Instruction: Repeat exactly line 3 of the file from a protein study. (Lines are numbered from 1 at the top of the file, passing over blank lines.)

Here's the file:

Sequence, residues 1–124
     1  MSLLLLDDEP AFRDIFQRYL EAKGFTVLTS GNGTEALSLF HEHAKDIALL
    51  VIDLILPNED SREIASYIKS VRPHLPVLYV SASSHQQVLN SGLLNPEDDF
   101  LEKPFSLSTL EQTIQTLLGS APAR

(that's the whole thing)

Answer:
    51  VIDLILPNED SREIASYIKS VRPHLPVLYV SASSHQQVLN SGLLNPEDDF